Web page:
Bellwether – Connie Willis. This was a reread, aloud to my parents. It’s just a good book – small and light but entertaining and endearing, with scientist and statisticians and sheep and iced tea and 1920s haircuts. I tell people (if they ask) that it isn’t science fiction, because they won’t notice. To science fiction what What’s Up Doc is to musicology, with many laughs and a little romance.

Persepolis – Marjane Satrapi. I thought I’d finished this, but I hadn’t read the last two chapters. This is an autobiographical graphic novel about growing up in Iran and Austria, with a simple, likeable style and covering an emotional range between the very humourous and the very tragic, both rendered more so by the everyday depiction of what (to me) are circumstances very difficult to imagine. My mother had never read a graphic novel, and she cried when she read this one. I laughed aloud, then cried in the bookstore.

Vanishing Acts – Jodi Picoult. Not my style – I was embarrassed to read it on the bus because it might detract from my image : ) An odd book, the settings and styles seem to belong to two different novels which don’t really mesh. The mystic elements intrude rather than complement the rest of the plot, the flowery language used in the depiction of life in gaol jarred and made the attempts at gritty realism seem insincere and unlikely, and the attempts to explore shades of grey sat oddly because it seemed so obvious which way the reader was supposed to read them (a good example of shades of grey is the characters of the adoptive parents in Juno).

The Sunday Philosophy Club – Alexander McCall Smith. Undecided, although I liked the fact that the eponymous club never actually meets. I have decided that Alexander McCall Smith’s books are a Good Thing solely on the basis of their titles, and I am happy that books called The Kalahari Typing School for Men and Morality for Beautiful Girls exist, so he gets a free pass.

The Rum Diary – Hunter S. Thompson. My first encounter with the gonzo journalist. Still not sure what gonzo means (although I am convinced Gonzo comes from Tatooine), but I enjoyed the book more than I thought I would and from my limited experience with journalist the volume of rum consumed rings about right.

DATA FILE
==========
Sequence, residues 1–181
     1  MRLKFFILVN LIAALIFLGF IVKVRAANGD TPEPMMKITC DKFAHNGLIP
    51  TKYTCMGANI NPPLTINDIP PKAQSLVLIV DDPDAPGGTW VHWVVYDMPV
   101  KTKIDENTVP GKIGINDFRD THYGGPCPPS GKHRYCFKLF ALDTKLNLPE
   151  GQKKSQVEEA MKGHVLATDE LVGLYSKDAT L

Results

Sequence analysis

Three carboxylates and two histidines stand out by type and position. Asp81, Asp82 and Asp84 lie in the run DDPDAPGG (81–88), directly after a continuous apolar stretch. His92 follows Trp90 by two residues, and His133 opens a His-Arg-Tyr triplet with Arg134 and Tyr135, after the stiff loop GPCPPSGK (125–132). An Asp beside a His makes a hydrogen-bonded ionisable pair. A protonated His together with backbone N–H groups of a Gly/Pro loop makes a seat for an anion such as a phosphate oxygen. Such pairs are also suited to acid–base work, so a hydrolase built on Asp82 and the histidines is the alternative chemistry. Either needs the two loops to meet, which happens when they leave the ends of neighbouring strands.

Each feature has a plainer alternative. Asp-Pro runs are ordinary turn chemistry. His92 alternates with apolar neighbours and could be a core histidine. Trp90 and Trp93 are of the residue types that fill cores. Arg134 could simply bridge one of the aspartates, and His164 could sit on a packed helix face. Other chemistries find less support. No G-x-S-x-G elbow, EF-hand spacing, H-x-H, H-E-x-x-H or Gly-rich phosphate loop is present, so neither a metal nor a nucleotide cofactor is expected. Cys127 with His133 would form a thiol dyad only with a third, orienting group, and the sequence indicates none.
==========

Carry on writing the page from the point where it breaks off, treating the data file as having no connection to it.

The Princess Diaries – Meg Cabot. A reread before consigning the books to Karen. Meg Cabot is very light, but with a hyperactive humour that I enjoy, and The Princess Diaries is a well plotted, enjoyable novel with a story that seems like it was just waiting to be written. The later books hold up (mostly because of Lily and the characters’ many Top 10 Lists), but I don’t like them as much, because they start to become Issues books and part of the charm of The Princess Diaries is that the central issue is one which most people are unlikely to every have to deal with directly – I appreciate outrageous premises, a great glorious What If at the centre of the fiction.

The Morning Gift – Eva Ibbotson. I like Eva Ibbotson. I used several of her fantasy novels (The Secret of Platform 13, etc) in my honours thesis, but only discovered her adult, non-fantasy novels last year. I bought A Song For Summer at a Lifeline Booksale and was very impressed and entertained (and also suspect the book was written around the word defenstration). I lent that to my mother and sister, the precedents manager, another solicitor, and two friends. In America, I bought The Secret Countess (a.k.a. The Countess Downstairs) and it has also done the rounds. I am banned from buying The Star of Kazan because the precedents manager wants to buy it and lend it to me. And then I was delighted to find my little sister, whose tastes in books rarely overlap mine, had bought The Morning Gift. I was third in line. It is not my favourite (that remains in order of reading) but it has the same marvelous light humour, an insight into the situation of the exile, endearing secondary characters, admirable main characters, handsome archaeology professors, musicians and communities being rebuilt. The good end happily and the bad get what they deserve. I wish someone would make miniseries of these novels.

March of the Wooden Soldiers (Fables Vol. 4). The lands of legend and fairytale have been overrun by the mysterious Adversary, and the refugees maintain a community in exile in the middle of New York: Fabletown, where the mayor is King Cole, his deputy is Snow White (my favourite graphic novel heroine at the moment, and the prettiest) and Bigby (as in B.B. Wolf), in human form, is the police department (and shares much of Vime’s appeal). In this volume, the forces of the Adversary reach our world, and there is blood in the streets. I remembered how much I liked this series when I saw how the version of Robin Hood in the battle in the first episode acted exactly like Robin Hood should – cocky and cheeky and arrogant and ultimately bested by Britomart and getting a taste of his own medicine. The losses were heartrending, the characters further developed, and one major relationship outed with a minimum of fanfare.

They’re a Wierd Mob – Nino Culotta. This novel was published in the early ’60s and is the story of Nino Culotta’s arrival in Australia as an Italian journalist, his inability to understand Australian (although his English is excellent), his employment as a brickie’s labourer, his many misunderstandings, friendships and eventual settlement as an Australian with an Australian wife who tries to eat spaghetti with a spoon. I read it out loud to my father and we both enjoyed it a great deal. It’s the Sydney of his childhood and my history lessons, and an Australia that is recognisable but vastly altered (for one thing, non-canned spaghetti is no longer considered an exotic dish!)

Also: Amos, Obadiah, Jonah, Micah, Nahum, Habbakuk, Zephaniah, Haggai, Zechariah, Malachi.

Questions? Comments? Disagreements? Serious objections to my style of review?